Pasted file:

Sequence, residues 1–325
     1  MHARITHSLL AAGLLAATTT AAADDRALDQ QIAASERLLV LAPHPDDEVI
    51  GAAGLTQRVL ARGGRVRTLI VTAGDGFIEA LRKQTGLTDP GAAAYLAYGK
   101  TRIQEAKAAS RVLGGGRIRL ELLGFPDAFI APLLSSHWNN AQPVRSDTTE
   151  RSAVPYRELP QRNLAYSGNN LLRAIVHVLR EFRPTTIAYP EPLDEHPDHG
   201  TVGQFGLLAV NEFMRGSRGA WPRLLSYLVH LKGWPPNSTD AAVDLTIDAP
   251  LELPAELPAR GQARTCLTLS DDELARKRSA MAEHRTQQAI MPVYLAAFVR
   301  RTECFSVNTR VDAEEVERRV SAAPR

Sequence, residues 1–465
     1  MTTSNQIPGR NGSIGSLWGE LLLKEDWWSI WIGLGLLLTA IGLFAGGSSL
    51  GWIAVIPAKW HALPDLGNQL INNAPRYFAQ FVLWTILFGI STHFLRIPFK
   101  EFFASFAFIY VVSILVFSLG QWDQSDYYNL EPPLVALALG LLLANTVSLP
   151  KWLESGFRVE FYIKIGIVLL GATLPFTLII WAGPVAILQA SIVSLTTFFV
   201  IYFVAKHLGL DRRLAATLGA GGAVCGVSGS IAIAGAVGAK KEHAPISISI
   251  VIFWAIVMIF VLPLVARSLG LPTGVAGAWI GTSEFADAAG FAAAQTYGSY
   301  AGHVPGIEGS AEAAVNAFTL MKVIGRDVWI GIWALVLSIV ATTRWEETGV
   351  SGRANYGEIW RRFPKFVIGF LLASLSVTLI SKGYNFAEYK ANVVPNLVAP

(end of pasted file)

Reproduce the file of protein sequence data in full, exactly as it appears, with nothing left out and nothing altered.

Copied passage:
Sequence, residues 1–325
     1  MHARITHSLL AAGLLAATTT AAADDRALDQ QIAASERLLV LAPHPDDEVI
    51  GAAGLTQRVL ARGGRVRTLI VTAGDGFIEA LRKQTGLTDP GAAAYLAYGK
   101  TRIQEAKAAS RVLGGGRIRL ELLGFPDAFI APLLSSHWNN AQPVRSDTTE
   151  RSAVPYRELP QRNLAYSGNN LLRAIVHVLR EFRPTTIAYP EPLDEHPDHG
   201  TVGQFGLLAV NEFMRGSRGA WPRLLSYLVH LKGWPPNSTD AAVDLTIDAP
   251  LELPAELPAR GQARTCLTLS DDELARKRSA MAEHRTQQAI MPVYLAAFVR
   301  RTECFSVNTR VDAEEVERRV SAAPR

Sequence, residues 1–465
     1  MTTSNQIPGR NGSIGSLWGE LLLKEDWWSI WIGLGLLLTA IGLFAGGSSL
    51  GWIAVIPAKW HALPDLGNQL INNAPRYFAQ FVLWTILFGI STHFLRIPFK
   101  EFFASFAFIY VVSILVFSLG QWDQSDYYNL EPPLVALALG LLLANTVSLP
   151  KWLESGFRVE FYIKIGIVLL GATLPFTLII WAGPVAILQA SIVSLTTFFV
   201  IYFVAKHLGL DRRLAATLGA GGAVCGVSGS IAIAGAVGAK KEHAPISISI
   251  VIFWAIVMIF VLPLVARSLG LPTGVAGAWI GTSEFADAAG FAAAQTYGSY
   301  AGHVPGIEGS AEAAVNAFTL MKVIGRDVWI GIWALVLSIV ATTRWEETGV
   351  SGRANYGEIW RRFPKFVIGF LLASLSVTLI SKGYNFAEYK ANVVPNLVAP